Isaias is expected to strengthen and hit as a hurricane.
Tropical Storm Isaias is predicted to make landfall near the South Carolina and North Carolina border on Monday night as a hurricane, with forecasters warning of heavy rainfall and powerful winds along the strengthening storm’s path.
Flash floods, storm surges and even tornadoes are possible, the National Hurricane Center said. And the storm is expected to weaken only slowly after it makes landfall, posing a continued threat inland.
Over the weekend, Isaias buffeted Florida’s eastern edge with heavy rainfall and powerful winds, yet it failed to deliver the punch that state officials had feared. At 11 a.m. Eastern time, the storm was about 90 miles off the coast of Brunswick, Ga., with sustained maximum winds of 70 m.p.h., according to the National Hurricane Center.
Along Isaias’ projected course, officials have told residents to prepare themselves, and businesses are concerned about how much damage the storm will bring.
“It’s a wait-and-see game,” said Jay Slevin, the manager of a pizzeria about a mile from the shore in Myrtle Beach, S.C., where the center of the storm appeared to be heading.
The storm, the ninth to be named in what has become a busy hurricane season, has come at a time when many people in the Southeast are already beleaguered by the coronavirus outbreak. Officials in the region are juggling the response to a storm with a pandemic, and business owners are wary of being dealt yet another crippling blow.
Isaias, which is written as Isaías in Spanish and pronounced ees-ah-EE-ahs, clobbered the Bahamas with hurricane conditions over the weekend after hitting parts of Puerto Rico and the Dominican Republic.
Forecasters said some minor fluctuations in the strength of the storm were possible over the next few days, and they posted hurricane warnings for areas in its immediate path, and tropical storm warnings and watches all the way to Maine.
The Carolinas now face the dual threat of the storm and the virus.
The center of Isaias is projected to hit the South Carolina and North Carolina coasts later on Monday, and then drive inland over North Carolina on Monday night, according to the National Hurricane Center forecast.
Rainfall will range from three to six inches in most areas, with a few areas getting up to eight inches — enough to produce flash flooding. Myrtle Beach will probably see the brunt of the storm on Monday night, when the rain will increase and the risk of flash floods will be greatest. There could also be a storm surge of two to four feet, and a possibility of tornadoes.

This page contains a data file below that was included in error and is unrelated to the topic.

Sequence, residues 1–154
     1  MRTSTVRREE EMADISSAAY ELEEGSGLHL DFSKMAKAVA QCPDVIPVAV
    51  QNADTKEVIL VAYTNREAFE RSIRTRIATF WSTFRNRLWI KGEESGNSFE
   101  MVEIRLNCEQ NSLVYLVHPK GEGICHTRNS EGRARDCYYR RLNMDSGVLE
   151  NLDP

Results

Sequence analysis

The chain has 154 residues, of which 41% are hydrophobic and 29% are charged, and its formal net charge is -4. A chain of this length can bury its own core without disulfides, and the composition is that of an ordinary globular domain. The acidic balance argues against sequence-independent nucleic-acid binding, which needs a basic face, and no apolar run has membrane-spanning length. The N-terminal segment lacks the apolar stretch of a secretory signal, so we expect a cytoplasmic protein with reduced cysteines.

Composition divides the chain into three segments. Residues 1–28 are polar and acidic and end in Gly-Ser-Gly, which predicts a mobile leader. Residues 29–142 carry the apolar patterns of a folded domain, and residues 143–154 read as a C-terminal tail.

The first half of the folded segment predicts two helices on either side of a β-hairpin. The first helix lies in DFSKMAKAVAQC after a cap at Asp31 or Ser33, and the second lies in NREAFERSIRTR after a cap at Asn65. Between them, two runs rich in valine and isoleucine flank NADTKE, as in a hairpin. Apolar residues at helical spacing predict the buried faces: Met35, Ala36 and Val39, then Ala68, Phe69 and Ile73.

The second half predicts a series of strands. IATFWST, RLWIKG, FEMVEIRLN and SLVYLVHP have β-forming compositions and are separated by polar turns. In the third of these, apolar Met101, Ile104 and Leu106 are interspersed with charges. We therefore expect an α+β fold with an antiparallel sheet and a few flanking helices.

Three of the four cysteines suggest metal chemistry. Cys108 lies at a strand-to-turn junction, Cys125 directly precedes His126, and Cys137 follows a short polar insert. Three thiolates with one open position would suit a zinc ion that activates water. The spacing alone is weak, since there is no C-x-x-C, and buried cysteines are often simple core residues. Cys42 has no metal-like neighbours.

Gov. Henry McMaster of South Carolina said on Friday that he had no plans to call for evacuations. But North Carolina has declared a state of emergency.
“We’re asking North Carolinians in the storm’s path to make sure they are prepared,” Gov. Roy Cooper of North Carolina said in a briefing on Sunday afternoon.
He cautioned residents to keep taking steps to avoid the coronavirus. North Carolina has more than 125,000 diagnosed cases, and at least 1,969 people have died, according to state data.
“This time, pack your masks and hand sanitizers in your kit and remember to social distance,” said Mr. Cooper, a Democrat, adding that such precautions are “just as important during the storm as they ever were.”
The Northeast can expect a soaking, too.
Much of the East Coast of the United States will get a soaking, forecasters say. The National Hurricane Center said on Monday that tropical storm warnings and watches are in effect all way up the Eastern Seaboard, including Martha’s Vineyard, Mass., and Stonington, Maine.
With three to six inches expected across the eastern Carolinas and Virginia and isolated areas getting up to eight inches, significant flash floods and urban flooding is can be expected through the middle of the week, and widespread minor to moderate river flooding is possible in the region.
The Middle Atlantic states, southeastern New York and New England can also expect a few inches of rain.
Heavy rainfall in northeast New Jersey, New York City and the lower Hudson Valley was expected to begin late Monday night, building into heavier downpours by Tuesday afternoon and evening, according to Matthew Wunsch, a meteorologist with the National Weather Service. Emergency management officials in New York City said the storm might bring three to six inches of rain in some areas.
“Flooding is probably one the biggest threats with this,” Mr. Wunsch said.
Winds are expected to pick up on Tuesday afternoon, he said. Sustained winds could be between 30 to 45 m.p.h., with gusts up to 65 m.p.h.
Tuesday night could bring the possibility of flooding along the southern coast of Long Island and the New Jersey coastline near New York City, Mr. Wunsch said. He said coastal flooding was expected to coincide with high tide, which is between 10 p.m. and 1 a.m. on Tuesday, bringing an additional one to two feet of storm surge.
Gov. Andrew Cuomo said on Sunday that the state was deploying high-water vehicles, pumps and generators to areas that might be affected by the storm.
Storm surge could also bring high water into Lower Manhattan, according to the New York City Emergency Management Department, and officials are deploying sand bags and other barriers in the area.
Reporting was contributed by Rebecca Halleck, Patricia Mazzei, Rick Rojas and Mihir Zaveri.